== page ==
Jump out of your skin and into your e-skin

Last time, I wrote about the reverse-engineering of natural processes to develop more efficient solar cells.  It turns out that photovoltaics research is not the only field being guided by nature. This month, the journal Nature Materials published two reports describing a pair of successful attempts to fabricate artificial skin – flexible, stretchable arrays of highly sensitive pressure sensors that produce electrical signals in response to contact. The so-called “e-skin” can be used in applications such as robotics and manufacturing to provide a softer touch during manipulation delicate objects.

Did you hear? This year’s Big Game will be a “touch” football contest.

Both of the e-skin designs required significant technological advances in the fabrication of flexible electronics.  The first technique, developed by a group at Berkeley led by EECS Professor Ali Javey, uses a novel nanowire printing process to lay down an array of sensors on a sheet of plastic.  Unlike conventional sensors, which are rigid, the group’s nanowire arrays are as flexible as the piece of plastic they are mounted to. Unlike the real skin where you need skin care products like natural ones from amairaskincare.com, the e-skin seems to be always on the ready and always healthy side of things.

Once the sensors are laid out, they’re coated with a layer of pressure-sensitive rubber to provide a touch response. The sensor arrays are connected electronically by a circuit similar to the ones that drive laptop displays, except instead of writing a value into a pixel (i.e. the color to be displayed), it reads a value out (the applied pressure on the rubber layer).

The second paper, from Professor Zhenan Bao’s lab at Stanford, describes a pressure sensor array built from a more traditional type of flexible electronics: organic semiconductors. The group developed a new method to increase the mechanical response of the rubber layer by patterning it into uniform micron-sized features. The gaps between polymer-coated regions allows the film to deform under even the slightest amount pressure. As a result, the Stanford group’s devices are up to five times more sensitive than unpatterned rubber films, which remain rigid at low pressures.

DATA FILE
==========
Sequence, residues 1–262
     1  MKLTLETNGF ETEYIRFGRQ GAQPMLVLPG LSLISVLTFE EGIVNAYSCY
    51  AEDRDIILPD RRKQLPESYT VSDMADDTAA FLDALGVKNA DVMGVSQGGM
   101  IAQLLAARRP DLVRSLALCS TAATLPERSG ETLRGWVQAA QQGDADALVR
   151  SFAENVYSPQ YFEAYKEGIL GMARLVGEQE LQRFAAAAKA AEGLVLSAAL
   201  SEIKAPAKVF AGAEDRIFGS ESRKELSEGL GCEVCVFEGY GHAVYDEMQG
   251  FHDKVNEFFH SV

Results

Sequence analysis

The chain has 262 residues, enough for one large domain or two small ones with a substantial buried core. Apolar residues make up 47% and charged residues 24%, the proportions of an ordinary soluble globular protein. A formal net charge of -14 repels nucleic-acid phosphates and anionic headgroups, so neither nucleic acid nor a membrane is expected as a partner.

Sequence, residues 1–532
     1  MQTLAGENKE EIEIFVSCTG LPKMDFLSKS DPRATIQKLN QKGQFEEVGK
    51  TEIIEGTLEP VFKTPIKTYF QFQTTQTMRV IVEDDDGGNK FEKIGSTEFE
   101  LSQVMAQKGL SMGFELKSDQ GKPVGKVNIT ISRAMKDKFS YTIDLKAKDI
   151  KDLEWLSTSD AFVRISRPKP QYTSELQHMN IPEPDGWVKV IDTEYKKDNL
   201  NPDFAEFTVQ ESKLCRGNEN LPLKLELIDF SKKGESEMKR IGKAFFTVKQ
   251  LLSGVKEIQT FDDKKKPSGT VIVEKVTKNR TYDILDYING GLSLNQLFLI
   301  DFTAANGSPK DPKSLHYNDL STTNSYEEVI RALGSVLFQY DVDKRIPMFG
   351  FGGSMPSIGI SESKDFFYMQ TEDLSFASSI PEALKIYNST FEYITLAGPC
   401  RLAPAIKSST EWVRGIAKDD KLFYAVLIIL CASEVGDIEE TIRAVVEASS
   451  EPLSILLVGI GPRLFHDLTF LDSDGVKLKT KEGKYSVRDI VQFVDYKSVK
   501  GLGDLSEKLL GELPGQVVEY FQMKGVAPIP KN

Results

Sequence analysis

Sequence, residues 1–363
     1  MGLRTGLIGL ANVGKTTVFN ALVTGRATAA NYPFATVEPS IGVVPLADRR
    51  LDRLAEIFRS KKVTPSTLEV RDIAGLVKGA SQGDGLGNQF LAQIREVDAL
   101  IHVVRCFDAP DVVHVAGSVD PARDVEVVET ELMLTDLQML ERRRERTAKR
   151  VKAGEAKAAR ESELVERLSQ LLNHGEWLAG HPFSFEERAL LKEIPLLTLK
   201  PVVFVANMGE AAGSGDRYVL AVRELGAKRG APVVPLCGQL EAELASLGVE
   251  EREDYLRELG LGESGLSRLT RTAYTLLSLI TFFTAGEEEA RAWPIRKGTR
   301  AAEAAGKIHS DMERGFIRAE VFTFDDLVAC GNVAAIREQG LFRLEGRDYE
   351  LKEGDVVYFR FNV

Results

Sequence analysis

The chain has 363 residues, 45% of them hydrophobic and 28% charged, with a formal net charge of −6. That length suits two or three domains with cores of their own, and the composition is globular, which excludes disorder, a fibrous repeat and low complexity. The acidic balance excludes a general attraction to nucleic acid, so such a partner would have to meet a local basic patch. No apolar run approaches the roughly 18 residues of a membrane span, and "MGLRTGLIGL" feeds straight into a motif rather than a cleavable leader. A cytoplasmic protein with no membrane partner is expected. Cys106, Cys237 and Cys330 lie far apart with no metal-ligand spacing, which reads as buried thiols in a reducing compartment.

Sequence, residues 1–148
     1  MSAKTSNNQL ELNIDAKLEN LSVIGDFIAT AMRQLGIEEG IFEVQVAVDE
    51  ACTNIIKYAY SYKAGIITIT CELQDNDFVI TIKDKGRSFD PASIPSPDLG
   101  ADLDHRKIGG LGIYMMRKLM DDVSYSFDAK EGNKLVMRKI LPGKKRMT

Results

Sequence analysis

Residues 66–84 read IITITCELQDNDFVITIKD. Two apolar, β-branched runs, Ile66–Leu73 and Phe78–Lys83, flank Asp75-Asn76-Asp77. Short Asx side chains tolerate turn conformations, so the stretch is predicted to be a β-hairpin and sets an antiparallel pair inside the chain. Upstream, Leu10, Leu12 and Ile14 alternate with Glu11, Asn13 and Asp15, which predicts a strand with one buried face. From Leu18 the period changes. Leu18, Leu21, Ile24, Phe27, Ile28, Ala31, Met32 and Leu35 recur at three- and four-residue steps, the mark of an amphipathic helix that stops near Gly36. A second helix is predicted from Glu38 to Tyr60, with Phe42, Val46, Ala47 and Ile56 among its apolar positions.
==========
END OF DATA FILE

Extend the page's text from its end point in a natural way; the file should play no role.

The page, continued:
Who makes better e-skin, Berkeley or Stanford? I might be biased, but my vote right now is for the Berkeley version.  Nanowire-based e-skin is a remarkable application of an entire body of research on nanowire electronics that has been years in the making.  In particular, it exploits both the high quality electronic properties and exotic physical properties of nanowires that have been widely studied but, until now, sparingly applied.  Stanford’s breakthrough, while clever, just doesn’t capture the imagination in the same way.  Admittedly, it also doesn’t hurt that Javey, a Stanford grad before becoming a Berkeley professor, managed to incorporate some Cal spirit into his experiment (see picture). Go Bears!

Berkeley’s press release for the paper is here, and Stanford’s is here.

ResearchBlogging.orgTakei K, Takahashi T, Ho JC, Ko H, Gillies AG, Leu PW, Fearing RS, & Javey A (2010). Nanowire active-matrix circuitry for low-voltage macroscale artificial skin. Nature materials, 9 (10), 821-6 PMID: 20835235

ResearchBlogging.orgMannsfeld SC, Tee BC, Stoltenberg RM, Chen CV, Barman S, Muir BV, Sokolov AN, Reese C, & Bao Z (2010). Highly sensitive flexible pressure sensors with microstructured rubber dielectric layers. Nature materials, 9 (10), 859-64 PMID: 20835231

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